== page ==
Editors' note: Every day of Lent Elizabeth Kirkland Cahill will be providing audio reflections on the Psalms of the day as part of America's “The Word” podcast.
When the LORD called down a famine on the land and ruined the crop that sustained them/ He sent a man before them, Joseph, sold as a slave. ~Ps 105:16-17
The book assigned for the Bible History course I took in high school was entitled The Book of the Acts of God (or as we referred to it, BAGS). The book is long out of print and its theology perhaps out of fashion, but its underlying premise still resonates: God is at work in the lives of his people.
Our psalm today, excerpted from a longer recital of the wondrous deeds of God in the history of Israel, focuses on the story of Joseph. Most of us remember this riches-to-rags-to-riches narrative from Sunday school: the jealous brothers who sell the favorite son into slavery; Joseph’s success in Egypt, his betrayal by the spurned wife of his master, Potiphar, and his incarceration; his subsequent ascent to become head of Pharaoh’s household on the basis of his ability to interpret dreams. Joseph hardly enjoyed a straightforward or uncomplicated path through life: he was rejected and betrayed, falsely accused and imprisoned, utterly forgotten by those who could have helped him.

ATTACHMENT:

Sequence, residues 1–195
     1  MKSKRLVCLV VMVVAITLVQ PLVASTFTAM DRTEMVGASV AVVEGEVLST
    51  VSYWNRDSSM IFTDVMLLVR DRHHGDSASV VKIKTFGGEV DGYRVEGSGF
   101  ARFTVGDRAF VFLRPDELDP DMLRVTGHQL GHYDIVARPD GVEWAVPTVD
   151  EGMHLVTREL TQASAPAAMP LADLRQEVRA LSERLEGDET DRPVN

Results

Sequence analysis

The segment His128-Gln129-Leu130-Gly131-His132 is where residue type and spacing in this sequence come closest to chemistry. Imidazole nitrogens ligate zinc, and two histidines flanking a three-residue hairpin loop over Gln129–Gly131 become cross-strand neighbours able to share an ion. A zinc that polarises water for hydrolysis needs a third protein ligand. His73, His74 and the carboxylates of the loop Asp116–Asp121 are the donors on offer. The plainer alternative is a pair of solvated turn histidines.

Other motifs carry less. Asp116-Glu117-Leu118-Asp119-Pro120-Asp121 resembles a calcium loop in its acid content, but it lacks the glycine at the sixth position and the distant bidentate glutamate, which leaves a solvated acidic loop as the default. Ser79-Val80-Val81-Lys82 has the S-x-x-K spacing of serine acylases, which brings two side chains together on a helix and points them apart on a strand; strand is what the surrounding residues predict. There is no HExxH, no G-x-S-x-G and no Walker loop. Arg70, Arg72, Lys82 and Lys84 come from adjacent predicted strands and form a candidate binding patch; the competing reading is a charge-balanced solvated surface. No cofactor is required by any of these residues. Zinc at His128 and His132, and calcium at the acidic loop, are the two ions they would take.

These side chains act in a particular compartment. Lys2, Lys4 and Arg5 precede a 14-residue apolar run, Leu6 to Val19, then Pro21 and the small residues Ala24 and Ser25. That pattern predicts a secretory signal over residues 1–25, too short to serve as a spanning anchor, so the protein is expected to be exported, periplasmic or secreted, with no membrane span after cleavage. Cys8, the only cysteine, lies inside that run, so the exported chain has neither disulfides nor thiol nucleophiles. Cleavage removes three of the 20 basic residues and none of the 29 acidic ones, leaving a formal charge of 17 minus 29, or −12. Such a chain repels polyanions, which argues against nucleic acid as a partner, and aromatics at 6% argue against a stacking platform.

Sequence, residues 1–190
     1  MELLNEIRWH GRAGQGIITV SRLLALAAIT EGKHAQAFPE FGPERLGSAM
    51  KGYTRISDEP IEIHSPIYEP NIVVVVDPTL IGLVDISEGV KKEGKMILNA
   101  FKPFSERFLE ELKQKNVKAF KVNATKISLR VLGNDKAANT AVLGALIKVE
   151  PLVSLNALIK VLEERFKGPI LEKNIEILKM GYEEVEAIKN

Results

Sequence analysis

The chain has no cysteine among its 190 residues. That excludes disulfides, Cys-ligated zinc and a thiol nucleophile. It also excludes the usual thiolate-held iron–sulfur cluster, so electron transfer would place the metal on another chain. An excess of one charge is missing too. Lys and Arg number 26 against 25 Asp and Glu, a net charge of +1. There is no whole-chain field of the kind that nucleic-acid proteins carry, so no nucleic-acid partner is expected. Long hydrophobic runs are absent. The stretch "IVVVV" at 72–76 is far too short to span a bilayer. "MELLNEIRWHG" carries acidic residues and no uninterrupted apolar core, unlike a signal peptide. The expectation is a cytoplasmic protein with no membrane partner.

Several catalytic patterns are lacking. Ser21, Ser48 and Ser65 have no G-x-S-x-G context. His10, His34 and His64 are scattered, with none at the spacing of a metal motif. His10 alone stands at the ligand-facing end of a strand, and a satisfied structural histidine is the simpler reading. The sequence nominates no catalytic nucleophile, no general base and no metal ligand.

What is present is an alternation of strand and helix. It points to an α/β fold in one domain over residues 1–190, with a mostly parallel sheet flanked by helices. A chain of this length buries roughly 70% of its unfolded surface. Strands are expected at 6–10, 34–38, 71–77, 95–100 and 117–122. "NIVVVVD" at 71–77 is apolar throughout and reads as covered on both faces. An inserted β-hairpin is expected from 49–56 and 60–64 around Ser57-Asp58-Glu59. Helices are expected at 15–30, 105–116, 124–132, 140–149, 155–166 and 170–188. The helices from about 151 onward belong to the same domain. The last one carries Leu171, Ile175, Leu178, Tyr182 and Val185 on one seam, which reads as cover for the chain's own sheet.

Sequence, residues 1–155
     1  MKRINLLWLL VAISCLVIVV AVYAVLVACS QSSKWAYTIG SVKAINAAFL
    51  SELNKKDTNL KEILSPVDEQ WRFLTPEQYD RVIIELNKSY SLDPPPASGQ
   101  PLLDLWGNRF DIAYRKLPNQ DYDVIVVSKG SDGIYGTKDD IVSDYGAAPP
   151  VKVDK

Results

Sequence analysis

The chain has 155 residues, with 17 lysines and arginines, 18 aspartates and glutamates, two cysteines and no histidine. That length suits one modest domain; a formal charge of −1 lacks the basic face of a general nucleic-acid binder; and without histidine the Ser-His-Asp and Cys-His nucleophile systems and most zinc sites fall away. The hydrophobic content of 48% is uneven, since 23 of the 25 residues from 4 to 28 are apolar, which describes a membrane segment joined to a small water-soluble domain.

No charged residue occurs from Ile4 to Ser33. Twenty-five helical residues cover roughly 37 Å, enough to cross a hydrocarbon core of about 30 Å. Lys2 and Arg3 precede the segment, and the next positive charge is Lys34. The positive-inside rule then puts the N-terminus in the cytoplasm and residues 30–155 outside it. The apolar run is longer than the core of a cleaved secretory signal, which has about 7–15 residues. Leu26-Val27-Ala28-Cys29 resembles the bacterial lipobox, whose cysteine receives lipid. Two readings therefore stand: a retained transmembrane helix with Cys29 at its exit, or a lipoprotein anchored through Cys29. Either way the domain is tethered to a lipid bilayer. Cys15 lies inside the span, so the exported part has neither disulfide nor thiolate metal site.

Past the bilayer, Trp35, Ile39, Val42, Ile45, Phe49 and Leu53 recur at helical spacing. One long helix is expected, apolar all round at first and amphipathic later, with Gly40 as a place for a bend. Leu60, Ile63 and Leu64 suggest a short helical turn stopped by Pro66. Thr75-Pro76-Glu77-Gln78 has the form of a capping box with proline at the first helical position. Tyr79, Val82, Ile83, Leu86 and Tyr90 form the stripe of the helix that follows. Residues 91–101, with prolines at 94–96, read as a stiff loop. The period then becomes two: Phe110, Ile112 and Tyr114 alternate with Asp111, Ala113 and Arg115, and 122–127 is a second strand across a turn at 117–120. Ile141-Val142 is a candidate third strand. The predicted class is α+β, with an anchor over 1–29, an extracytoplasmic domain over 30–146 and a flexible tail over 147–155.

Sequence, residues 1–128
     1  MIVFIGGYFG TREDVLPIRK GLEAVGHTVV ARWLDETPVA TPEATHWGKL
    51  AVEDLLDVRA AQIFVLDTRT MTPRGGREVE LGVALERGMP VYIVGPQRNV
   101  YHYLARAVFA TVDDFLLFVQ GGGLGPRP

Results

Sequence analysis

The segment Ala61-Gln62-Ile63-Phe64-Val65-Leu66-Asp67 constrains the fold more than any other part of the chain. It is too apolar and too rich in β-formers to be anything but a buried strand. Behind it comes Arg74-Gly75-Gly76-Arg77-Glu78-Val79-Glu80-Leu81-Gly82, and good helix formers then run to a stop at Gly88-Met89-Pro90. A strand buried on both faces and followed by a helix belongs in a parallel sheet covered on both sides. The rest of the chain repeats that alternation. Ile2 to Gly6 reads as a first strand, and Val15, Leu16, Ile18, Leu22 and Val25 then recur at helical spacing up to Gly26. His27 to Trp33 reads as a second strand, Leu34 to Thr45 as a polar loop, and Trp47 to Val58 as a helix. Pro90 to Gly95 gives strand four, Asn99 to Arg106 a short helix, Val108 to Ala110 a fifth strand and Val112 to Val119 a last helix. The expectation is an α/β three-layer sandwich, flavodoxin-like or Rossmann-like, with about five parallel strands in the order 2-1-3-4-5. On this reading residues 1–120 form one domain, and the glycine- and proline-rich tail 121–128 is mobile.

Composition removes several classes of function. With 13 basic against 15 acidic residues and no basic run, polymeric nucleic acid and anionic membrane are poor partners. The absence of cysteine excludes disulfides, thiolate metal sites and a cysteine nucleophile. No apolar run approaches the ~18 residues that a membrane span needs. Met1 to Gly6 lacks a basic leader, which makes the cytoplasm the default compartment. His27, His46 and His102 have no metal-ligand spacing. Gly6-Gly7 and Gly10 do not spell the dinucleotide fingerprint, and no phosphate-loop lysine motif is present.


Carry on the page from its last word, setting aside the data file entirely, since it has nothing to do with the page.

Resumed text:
We, too, encounter people who ignore us, problems that leave us stymied, dilemmas whose resolution is uncertain. But even when things seem at a standstill and we feel stuck, God is at work in our lives. The British Romantic poet William Wordsworth referred in his poem “The Prelude” to the “dark inscrutable workmanship” that “reconciles discordant elements” even when it cannot be seen or felt. Even when we are unaware of the acts of God, or convinced that God has abandoned us to languish in suffering, He continues to operate in our lives with the ineffable, inscrutable power of his love.
Lord God, whose mystery remains beyond human reach, May I sense your hand at work in my life even when it seems most absent. Amen.